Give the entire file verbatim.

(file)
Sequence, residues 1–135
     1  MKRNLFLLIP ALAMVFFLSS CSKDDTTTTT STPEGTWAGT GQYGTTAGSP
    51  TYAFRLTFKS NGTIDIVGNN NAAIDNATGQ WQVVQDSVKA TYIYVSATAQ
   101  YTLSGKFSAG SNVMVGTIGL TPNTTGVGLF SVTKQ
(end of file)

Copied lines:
Sequence, residues 1–135
     1  MKRNLFLLIP ALAMVFFLSS CSKDDTTTTT STPEGTWAGT GQYGTTAGSP
    51  TYAFRLTFKS NGTIDIVGNN NAAIDNATGQ WQVVQDSVKA TYIYVSATAQ
   101  YTLSGKFSAG SNVMVGTIGL TPNTTGVGLF SVTKQ